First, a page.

While case studies are a B2B marketing powerhouse, they’re not always easy to get. Here’s how to engage prospects when you can’t share customer success stories …

Case studies are one of the top dogs of B2B content marketing.

B2B customers rely on them to make informed buying decisions, as case studies give customers social proof that your products and services deliver results.

It’s no surprise that 71% percent of B2B buyers in the awareness stage and 77% in the evaluation stage cited that testimonials and case studies are the most influential types of content.

But it’s not always easy to get case studies.

For example, you may be launching a new product and can’t get case studies until your customers use it. Or you might be in an industry where your customers can’t identify themselves due to legal, security, or privacy issues.

So, what can you do if you can’t get case studies?

Don’t worry. Chances are you have some great options and can draw from other content sources. Here are five ways you can unleash some powerful content while you get your case study ducks in a row:

1. Ask for reviews.

If you can’t get a complete case study, you might still have customers who are willing to post reviews on a site such as G2Crowd or TrustRadius.

The Demand Gen Report B2B Buyer Behaviour Survey found that 53% of business buyers rely on peer recommendations when they make a purchase. This number has increased from 19% in 2012.

Focusing on peer reviews can enhance your credibility and boost your sales.


2. Let your subject matter experts shine.

Buyers value your subject matter experts’ opinions. According to ITSMA’s 2015 How Buyers Consume Information Study, B2B customers want to know what your subject matter experts think. In fact, vendor subject matter experts were rated the most trustworthy or credible source of information – beating even peers, analysts, and digital influencers.

Ask your internal subject matter experts to contribute to your content – such as by writing blog posts, authoring white papers, presenting at live events, or answering questions during webinars. If your subject matter experts are too busy to blog regularly, you can have a ghost writer interview them and write posts on their behalf.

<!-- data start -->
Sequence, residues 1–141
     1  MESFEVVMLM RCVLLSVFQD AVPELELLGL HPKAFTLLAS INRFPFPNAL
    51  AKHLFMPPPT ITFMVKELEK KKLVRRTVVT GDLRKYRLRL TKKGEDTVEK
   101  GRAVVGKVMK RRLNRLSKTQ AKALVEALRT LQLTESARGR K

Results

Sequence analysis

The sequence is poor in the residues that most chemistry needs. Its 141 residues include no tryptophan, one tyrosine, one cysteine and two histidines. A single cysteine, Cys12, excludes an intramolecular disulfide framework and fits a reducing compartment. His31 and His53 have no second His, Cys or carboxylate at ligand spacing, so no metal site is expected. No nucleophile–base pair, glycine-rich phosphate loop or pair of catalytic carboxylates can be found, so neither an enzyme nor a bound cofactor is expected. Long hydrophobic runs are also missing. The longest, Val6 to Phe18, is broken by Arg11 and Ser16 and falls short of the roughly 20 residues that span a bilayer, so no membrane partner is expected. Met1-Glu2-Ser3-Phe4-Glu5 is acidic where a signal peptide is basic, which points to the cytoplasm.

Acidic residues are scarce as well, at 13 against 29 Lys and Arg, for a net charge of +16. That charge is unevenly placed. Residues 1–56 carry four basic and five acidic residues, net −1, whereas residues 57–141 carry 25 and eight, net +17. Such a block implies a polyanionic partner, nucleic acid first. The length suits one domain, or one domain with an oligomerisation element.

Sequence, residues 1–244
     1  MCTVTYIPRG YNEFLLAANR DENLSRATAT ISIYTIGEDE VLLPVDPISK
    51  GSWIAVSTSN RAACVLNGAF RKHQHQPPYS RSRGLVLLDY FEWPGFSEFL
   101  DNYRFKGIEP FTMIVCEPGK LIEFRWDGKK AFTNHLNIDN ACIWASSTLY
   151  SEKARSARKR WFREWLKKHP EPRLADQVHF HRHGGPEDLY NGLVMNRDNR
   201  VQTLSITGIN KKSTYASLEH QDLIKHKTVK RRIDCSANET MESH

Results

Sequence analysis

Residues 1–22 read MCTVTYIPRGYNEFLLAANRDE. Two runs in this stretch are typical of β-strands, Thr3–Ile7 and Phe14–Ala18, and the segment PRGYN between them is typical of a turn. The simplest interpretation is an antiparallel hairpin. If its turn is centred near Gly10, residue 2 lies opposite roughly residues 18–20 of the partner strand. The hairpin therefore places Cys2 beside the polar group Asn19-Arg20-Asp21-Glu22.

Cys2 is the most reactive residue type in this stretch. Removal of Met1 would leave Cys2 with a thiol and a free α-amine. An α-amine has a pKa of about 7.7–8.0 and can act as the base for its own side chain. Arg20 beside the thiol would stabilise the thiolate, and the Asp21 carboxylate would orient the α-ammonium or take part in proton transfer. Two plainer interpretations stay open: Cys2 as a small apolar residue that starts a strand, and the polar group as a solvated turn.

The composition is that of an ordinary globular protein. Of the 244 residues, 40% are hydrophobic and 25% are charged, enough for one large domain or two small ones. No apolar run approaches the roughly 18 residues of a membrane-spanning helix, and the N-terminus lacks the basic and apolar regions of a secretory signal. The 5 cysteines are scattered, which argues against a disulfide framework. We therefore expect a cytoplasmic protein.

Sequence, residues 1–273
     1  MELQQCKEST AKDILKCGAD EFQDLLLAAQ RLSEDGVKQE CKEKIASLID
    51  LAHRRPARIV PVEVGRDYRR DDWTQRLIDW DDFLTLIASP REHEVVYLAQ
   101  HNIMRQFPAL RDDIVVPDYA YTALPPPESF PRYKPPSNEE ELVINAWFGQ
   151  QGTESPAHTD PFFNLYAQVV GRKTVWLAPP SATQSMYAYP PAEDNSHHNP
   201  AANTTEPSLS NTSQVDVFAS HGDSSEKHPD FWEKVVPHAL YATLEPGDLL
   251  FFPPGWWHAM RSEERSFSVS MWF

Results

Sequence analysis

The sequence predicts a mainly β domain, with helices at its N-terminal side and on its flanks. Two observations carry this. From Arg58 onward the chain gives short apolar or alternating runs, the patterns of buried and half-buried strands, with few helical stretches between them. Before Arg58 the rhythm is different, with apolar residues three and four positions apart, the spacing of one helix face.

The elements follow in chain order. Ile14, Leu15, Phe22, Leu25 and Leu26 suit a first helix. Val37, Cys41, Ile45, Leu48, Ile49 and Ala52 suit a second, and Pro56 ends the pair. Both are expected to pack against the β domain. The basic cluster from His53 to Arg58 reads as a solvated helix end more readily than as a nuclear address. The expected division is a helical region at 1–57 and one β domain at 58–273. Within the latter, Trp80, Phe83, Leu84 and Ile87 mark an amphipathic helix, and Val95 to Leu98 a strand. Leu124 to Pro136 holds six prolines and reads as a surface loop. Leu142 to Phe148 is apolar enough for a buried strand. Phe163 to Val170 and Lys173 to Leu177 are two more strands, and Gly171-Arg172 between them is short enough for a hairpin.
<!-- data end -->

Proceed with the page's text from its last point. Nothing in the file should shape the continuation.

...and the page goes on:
3. Provide other valuable content.

The vendor with the best content wins.

In Demand Gen Report’s B2B Buyer Behavior Survey, 61% of respondents said that they select vendors who deliver a mix of content that is appropriate for each stage of their buying process.

While case studies are valuable across all stages of the buying cycle, you have other options. For example, you can provide educational white papers, blog posts, and videos. Webinars are also are great way to interact with prospects and answer their questions. With so many options, prospects may not even notice that you don’t have any case studies.


4. Boost your social presence.

Yes. Your buyers are using social media to research you.

According to IDG, 86% of IT buyers use social networks and content in their purchase decisions. They are most likely to use social media in the general education stage of their buying process.

Meanwhile, Demand Gen Report found that LinkedIn is the top network for senior executives who want to connect via social media. Whether you have case studies or not, you should focus some of your marketing efforts on LinkedIn. For example, you can upload articles to LinkedIn Publisher or post SlideShare presentations to your profile. Also ask your subject mater experts to add their thought leadership to their LinkedIn profiles. Showing customers the faces behind your company can boost your credibility – even if you don’t have case studies.

Demand Gen Report also found that blogs are the top social medium for non-executives. Updating yours on a regular basis can get you in front of a wider audience and motivate prospects to learn more about your company.

5. Publish a use case (proceed with caution)

When you’re launching a new product, it might be too early to get case studies that you can share.

Instead, you can put together use cases – or examples of how people can use your product. The point of a use case is to get customers to visualize themselves achieving the benefits that your products and services offer.

However, you must be clear that your use cases are examples – not stories about real customers. You don’t want to mislead buyers.

While use cases can provide some value, you’ll want to get real customer success stories as soon as possible.

The above are great ways to support your sales team in the absence of case studies. But, as mentioned, B2B buyers rely heavily on case studies.

And you may not be a stuck as you think. You may have customers who are willing to share their success stories with the world. All you need to do is ask.

Once you have a stellar case study ready to go, check out these 21 Places to Share Your B2B Case Studies.

3 Ways to Apply This Information Now

  1. Read How B2B Buyers Are Engaging With Your Content [Data]  To help you get the most out of your content investments, I’ve compiled some recent statistics on how B2B buyers are using content throughout the sales cycle.
  2. Read “10 Steps to an Effective Content Marketing Strategy” to help plan your content. Research has shown that B2B marketers who document their content strategies get better results than those who don’t.
  3. Click to share this article on LinkedIn. Sharing quality content increases your visibility and credibility with your existing contacts, creating conversations and potentially new business.